Eric Ayotte - Transparency (Cover Artwork)
Staff Review

Eric Ayotte

Transparency (2014)

Plan-it-X / BrownTown / Pike

Raised near Albany, NY, Eric Ayotte ended up in my former hometown of Bloomington, IN and there cut his musical teeth. Long associated with the Plan-It-X label and the local scene of punk and folk punk, Ayotte has been dedicated to honing his craft and has been going at it solo for quite awhile. Ayotte plays the kind of honest indie folk that any fan of the Mountain Goats would dig, and -- especially with this fleshed out, full-band backed set -- fans of The Weakerthans, Neutral Milk Hotel, Andrew Jackson Jihad or Defiance, Ohio would appreciate.

Since 2007’s Odds & Ends, Ayotte has cranked out a handful of 7-inch records and this, Transparency, is his fourth full-length album. Practically a nomad, being solo has allowed him to tour as much as he wants, which is nearly nonstop including a recent three month extensive US tour, backed up vocally by his girlfriend Charlie Jones who also appears on this album. Ayotte brings with him the Gadabout Film Festival (which he created and is produced by him and Jones) comprised of his and others’ indie short films, shot DIY punk rock style -- quickly and grouped in different themes -- shown in punk venues and peoples’ homes. He’s heading out again soon with his music and the films, digging into the UK for two weeks in January 2015. Basically, this dude’s a workhorse and endlessly creative and ambitious.

Let’s dive into the music contained on Transparency, released digitally in June but more recently on vinyl. My favorite track is “Get to Stepping,” a midtempo 6/8 tune with an incredible chorus hook and awesome electric piano backing by Matt Romy, a strong songwriter in his own right, leading bands such as Community Currency and formerly The Delicious, among others. “Chen” is the most heartbreaking song I heard in 2014, about Ayotte having to put his cat down. If the lines “The nurse the came in, told me it was time / I was shaking I was cryin’ / Watching the life leave your eyes / Dear friend of mine” don’t make you tear up at least a little bit, you better check your pulse.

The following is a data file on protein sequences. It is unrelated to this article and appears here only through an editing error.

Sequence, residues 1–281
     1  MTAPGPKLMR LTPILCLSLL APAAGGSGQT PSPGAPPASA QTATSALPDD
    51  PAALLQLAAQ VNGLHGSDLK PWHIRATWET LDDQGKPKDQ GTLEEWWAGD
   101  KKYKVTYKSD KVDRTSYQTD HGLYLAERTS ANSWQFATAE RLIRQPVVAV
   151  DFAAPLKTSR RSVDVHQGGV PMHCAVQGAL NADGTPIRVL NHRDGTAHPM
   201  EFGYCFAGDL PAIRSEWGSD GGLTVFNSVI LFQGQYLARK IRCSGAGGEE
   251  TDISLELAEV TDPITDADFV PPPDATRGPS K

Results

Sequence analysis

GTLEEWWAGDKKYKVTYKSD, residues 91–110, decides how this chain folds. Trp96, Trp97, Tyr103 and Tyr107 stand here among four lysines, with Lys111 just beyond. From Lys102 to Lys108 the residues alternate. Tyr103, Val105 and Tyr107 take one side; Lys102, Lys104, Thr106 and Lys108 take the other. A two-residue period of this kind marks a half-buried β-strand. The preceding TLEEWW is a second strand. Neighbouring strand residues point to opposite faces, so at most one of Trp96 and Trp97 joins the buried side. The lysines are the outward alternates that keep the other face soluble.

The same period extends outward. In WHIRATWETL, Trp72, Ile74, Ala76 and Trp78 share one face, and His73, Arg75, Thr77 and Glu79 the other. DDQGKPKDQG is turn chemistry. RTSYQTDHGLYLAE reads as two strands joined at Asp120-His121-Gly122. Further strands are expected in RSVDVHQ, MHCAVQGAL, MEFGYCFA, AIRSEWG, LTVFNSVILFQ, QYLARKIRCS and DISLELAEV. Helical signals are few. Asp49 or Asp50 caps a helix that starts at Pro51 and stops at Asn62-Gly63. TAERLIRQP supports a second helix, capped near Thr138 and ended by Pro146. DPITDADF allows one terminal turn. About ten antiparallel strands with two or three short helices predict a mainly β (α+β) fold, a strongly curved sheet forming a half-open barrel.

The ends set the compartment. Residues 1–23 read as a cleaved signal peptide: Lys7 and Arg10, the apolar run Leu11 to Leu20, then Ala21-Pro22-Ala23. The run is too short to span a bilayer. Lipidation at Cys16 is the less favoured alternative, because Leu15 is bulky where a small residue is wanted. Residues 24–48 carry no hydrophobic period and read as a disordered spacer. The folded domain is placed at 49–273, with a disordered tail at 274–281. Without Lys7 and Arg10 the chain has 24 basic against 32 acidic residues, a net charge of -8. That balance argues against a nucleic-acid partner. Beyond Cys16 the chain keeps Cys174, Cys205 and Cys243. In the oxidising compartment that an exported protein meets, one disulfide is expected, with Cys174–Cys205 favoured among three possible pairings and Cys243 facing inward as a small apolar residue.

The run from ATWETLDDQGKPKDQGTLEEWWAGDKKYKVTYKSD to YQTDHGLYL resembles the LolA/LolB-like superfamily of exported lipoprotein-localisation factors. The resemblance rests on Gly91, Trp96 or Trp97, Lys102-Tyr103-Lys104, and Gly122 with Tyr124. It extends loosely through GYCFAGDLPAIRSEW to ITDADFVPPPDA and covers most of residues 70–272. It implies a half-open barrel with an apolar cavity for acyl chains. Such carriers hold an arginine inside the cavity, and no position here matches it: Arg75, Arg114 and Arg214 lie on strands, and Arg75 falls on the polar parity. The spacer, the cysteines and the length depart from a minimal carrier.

Ayotte’s voice is a unique and distinctive characteristic of the music, and is instantly recognizable to those familiar with him. But a unique voice can carry with it a divisive nature and turn some people off. But on this record, he’s refined his vocals to be less nasal and become an even stronger singer, so I feel this will be less of an issue than it may have been with his other records, 2010’s Wavering being the one I’m most familiar with.

More strong tracks include “You Alone,” which mixes up the feel of the album at track four, getting -- dare I say it -- a little bit funky. The relaxed groove and prominent bass part fuel the verses, and as one of the few songs of the set with louder electric guitar (albeit clean electric), it’s in the perfect spot on the tracklist to add variety. Immediately after “You Alone,” the tempo kicks back up with the extremely Weakerthansesque “And Yet, Here We Are.” An instantly likeable melody flies over top of furious acoustic strums, tasteful electric backing and filled in with gospel organ chords making this another favorite. “Honesty, Honestly” is rewarding throughout, especially when the bridge breaks it down and takes the song in a whole new direction with a cool, simple, dark, noodly guitar riff.

The drums are occasionally overplayed for the style of the tunes, as on “Prove It Bartholdi” with the verse hi-hat work played too fast to be appropriate for the tune; it gets in the way of the guitar strum patterns. Same problem in “Bug Bully.” The rim clicks on “Patrimony” are a bit much as well. But I can’t fault Ricardo Martins a whole lot because he does have a lot of good ideas elsewhere on the album and is a solid player. And he sure does his damnedest to make the drum parts interesting on a folk record, a genre where they often aren’t.

Transparency is Ayotte’s strongest record to date, a varied yet cohesive record with fully realized melodies and arrangements. It stumbles a few times, but the weak points are few and far between. It will appeal to a wide range of people, from fans of gritty folk punk to fans of more polished indie rock. This guy works too hard for you not to give him a chance.